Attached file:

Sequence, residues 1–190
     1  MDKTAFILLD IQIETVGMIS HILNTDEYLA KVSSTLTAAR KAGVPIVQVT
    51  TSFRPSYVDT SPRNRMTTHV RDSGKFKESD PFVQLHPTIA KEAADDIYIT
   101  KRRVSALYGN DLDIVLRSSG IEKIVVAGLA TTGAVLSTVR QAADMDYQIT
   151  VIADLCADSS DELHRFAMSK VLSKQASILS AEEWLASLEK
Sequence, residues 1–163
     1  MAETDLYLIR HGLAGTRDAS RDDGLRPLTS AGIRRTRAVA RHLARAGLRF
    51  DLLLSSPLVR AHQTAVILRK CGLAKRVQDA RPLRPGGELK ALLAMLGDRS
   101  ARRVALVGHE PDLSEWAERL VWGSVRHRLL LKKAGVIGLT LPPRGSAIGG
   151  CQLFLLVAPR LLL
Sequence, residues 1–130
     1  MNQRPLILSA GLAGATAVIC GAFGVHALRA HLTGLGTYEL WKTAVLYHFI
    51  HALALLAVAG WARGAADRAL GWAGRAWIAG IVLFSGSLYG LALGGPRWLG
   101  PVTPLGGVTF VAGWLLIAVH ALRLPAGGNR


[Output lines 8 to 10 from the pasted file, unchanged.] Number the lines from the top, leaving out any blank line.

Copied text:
    51  DLLLSSPLVR AHQTAVILRK CGLAKRVQDA RPLRPGGELK ALLAMLGDRS
   101  ARRVALVGHE PDLSEWAERL VWGSVRHRLL LKKAGVIGLT LPPRGSAIGG
   151  CQLFLLVAPR LLL